In the mushy geriatric yuk-fest Going In Style, Michael Caine, Morgan Freeman, and Alan Arkin decide to rob a bank. Well, okay, so it’s not the actors literally, but their characters—three struggling New York retirees—plotting the big score. But even in an onscreen world where Michael Caine, Morgan Freeman, and Alan Arkin don’t exist, these guys would have some serious trouble disguising themselves. No mask is going to totally muffle Caine’s imitable cockney accent, Arkin’s cranky bellow, or especially Freeman’s soothing, sonorous voice. Cram the trio onto a perp lineup (or identity parade, as Caine might call it), and witnesses would remember each of them upon syllable one.
The actors’ dignity, too, isn’t so easily muffled. They’ve done enough commercial crap over the years, all three of them, to know how to walk away mostly unscathed from a tacky mainstream comedy—hell, even to score a few grace notes between laugh lines. Not that Going In Style doesn’t try to waste their talent. This is a movie that can think of nothing funnier than arranging three Oscar winners in front of a TV to make catty remarks about The Bachelorette. It’s a movie that delights at giving one of its elderly stars the munchies and letting another just say the word “munchies.” In a particularly dopey sequence, the characters attempt a dry-run shoplifting of their local supermarket, just for practice—a set piece that ends with Caine zooming down the street on a motorized cart, throwing groceries at the employee in hot pursuit, while Freeman screams from his perch in the basket. There are probably worse uses of our veteran movie stars. But during a scene like that one, it’s hard to think of any.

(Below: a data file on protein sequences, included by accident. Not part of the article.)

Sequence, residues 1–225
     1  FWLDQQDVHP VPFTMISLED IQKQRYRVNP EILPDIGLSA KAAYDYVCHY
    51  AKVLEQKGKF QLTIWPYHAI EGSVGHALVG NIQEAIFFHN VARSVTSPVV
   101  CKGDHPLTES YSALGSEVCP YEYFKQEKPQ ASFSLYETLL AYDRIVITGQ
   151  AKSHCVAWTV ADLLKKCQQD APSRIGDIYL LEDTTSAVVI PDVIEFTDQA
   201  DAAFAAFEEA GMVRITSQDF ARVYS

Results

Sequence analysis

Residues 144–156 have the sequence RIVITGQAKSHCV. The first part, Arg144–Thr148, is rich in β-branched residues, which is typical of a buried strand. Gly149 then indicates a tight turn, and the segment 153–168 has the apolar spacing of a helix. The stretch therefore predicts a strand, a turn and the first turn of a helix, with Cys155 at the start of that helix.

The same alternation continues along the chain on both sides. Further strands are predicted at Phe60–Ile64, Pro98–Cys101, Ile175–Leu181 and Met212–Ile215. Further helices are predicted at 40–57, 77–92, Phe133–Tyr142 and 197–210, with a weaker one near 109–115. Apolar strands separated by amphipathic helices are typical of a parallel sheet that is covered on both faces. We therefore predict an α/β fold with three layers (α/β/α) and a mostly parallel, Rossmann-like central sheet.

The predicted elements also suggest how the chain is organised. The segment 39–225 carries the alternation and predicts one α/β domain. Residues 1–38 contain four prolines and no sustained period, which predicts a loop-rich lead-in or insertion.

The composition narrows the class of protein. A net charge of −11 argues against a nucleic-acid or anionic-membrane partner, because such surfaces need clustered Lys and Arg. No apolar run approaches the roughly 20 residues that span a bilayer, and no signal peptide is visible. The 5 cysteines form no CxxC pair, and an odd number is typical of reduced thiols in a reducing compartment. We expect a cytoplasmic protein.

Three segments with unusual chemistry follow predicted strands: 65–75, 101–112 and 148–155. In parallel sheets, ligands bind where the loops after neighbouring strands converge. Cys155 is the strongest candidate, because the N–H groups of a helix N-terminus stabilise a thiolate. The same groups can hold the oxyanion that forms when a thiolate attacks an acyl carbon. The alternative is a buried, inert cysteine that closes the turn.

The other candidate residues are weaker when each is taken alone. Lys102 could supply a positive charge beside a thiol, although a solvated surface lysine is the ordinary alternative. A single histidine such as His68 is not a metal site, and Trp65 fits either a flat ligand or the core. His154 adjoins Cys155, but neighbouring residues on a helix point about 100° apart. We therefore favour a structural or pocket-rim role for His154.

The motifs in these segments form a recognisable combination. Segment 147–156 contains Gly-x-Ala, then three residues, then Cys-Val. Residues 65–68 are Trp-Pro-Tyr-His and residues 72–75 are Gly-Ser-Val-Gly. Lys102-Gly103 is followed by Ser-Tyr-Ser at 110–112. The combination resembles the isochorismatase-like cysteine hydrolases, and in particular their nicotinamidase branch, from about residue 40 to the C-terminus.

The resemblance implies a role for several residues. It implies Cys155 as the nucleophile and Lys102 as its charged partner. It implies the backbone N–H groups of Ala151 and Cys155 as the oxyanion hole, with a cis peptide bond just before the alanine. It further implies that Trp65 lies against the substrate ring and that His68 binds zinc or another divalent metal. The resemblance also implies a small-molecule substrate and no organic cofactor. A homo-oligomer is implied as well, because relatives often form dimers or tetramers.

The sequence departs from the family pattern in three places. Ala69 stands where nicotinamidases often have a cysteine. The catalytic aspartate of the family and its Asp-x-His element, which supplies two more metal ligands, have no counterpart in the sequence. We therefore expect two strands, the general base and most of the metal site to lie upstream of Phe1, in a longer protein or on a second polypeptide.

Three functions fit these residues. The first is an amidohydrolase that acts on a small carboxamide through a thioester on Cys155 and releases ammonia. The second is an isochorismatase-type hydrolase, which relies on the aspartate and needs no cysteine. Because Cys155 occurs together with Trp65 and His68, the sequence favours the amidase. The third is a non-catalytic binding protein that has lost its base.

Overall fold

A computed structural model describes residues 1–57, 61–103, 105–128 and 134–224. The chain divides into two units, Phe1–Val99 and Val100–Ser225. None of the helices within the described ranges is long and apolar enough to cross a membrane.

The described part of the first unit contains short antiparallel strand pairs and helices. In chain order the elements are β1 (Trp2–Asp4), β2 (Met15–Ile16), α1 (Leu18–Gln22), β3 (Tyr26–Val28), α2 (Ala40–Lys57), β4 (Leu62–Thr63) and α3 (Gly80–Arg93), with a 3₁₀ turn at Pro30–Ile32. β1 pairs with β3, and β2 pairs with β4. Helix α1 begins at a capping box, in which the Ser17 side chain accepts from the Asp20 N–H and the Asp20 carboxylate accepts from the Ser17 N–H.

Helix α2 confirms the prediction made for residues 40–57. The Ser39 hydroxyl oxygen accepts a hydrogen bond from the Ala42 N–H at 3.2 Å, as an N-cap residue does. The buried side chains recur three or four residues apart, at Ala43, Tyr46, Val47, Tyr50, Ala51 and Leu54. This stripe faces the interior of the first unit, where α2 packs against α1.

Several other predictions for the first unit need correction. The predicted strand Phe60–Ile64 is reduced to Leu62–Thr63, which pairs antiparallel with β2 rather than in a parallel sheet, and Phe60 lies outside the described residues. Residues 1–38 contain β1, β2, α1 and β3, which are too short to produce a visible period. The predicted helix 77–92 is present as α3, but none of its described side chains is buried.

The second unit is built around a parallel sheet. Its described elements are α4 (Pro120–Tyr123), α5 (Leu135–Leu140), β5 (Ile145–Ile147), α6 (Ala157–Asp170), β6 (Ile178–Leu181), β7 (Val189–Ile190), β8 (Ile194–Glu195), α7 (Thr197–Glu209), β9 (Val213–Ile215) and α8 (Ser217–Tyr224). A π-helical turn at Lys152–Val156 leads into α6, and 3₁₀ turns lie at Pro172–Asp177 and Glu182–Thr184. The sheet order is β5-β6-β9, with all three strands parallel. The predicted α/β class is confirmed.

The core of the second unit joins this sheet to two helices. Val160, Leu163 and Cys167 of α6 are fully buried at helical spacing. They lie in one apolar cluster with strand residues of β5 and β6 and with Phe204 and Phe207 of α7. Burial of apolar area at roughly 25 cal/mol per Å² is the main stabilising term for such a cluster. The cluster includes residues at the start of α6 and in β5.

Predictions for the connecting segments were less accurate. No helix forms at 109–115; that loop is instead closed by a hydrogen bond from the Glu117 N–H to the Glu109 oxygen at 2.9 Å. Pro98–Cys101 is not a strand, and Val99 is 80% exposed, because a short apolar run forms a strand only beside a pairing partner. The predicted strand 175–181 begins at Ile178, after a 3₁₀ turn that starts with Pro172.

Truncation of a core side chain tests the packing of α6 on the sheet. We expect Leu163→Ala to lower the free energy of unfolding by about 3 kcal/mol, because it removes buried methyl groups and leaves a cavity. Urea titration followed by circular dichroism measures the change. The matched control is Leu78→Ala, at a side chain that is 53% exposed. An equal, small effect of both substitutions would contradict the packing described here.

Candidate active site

Still, the bar for these kind of old-guys-behaving-badly movies has been set very low. Is it grading on a curve to be pleasantly surprised by the lack of Viagra jokes? As written by Theodore Melfi, of Hidden Figures fame, Going In Style is more terminally mild than crassly stupid. The film is a remake of a minor classic: Martin Brest’s 1979 comedy, starring George Burns, Art Carney, and Lee Strasberg as the bank-robbing geezers. In all ways possible, that was a tougher, richer movie. It had the nerve to actually confront its characters with their own mortality, and to present their turn to crime as an escape from the boredom and loneliness of their retirement-community lives. The new Going In Style bends over backwards to justify the old dodgers’ scheme, pitting the three against the villainous bank that’s pilfered their pensions. Melfi also supplies his budding thieves with their own tidy subplots: Joe (Caine) trying to save the home he shares with his daughter and plucky granddaughter (Joey King); Willie (Freeman) concealing a dire medical diagnosis; Albert (Arkin) entertaining the advances of an admirer (Ann-Margret, back in the business of romancing grumpy old men).
It’s probably worth noting that the whippersnapper behind the camera is none other than one-time sitcom star and indie darling Zach Braff. Did he owe someone a favor, or is this his attempt to break into the studio system he scorned with his last feature, the gooey Kickstarted passion project Wish I Was Here? Anyone looking for Garden State echoes will have to suffice with a couple of conspicuous needle drops and a few ostentatious tricks during the heist-planning montage. Otherwise, Braff is working for hire, anonymously delivering the mugging cameos (Kenan Thompson; an overbearingly over-the-top Josh Pais) while lining up the usual platitudes about only being as old as you feel. Here and there, the actors manage some real acting, illuminating the melancholy inherent to the original and deliberately marginalized here, lest anyone accidentally think about death while watching a movie about septuagenarians planning one last hurrah. Maybe seeing these aging headliners talk about their age carries an automatic power. Or is that just grading on the Last Vegas curve again?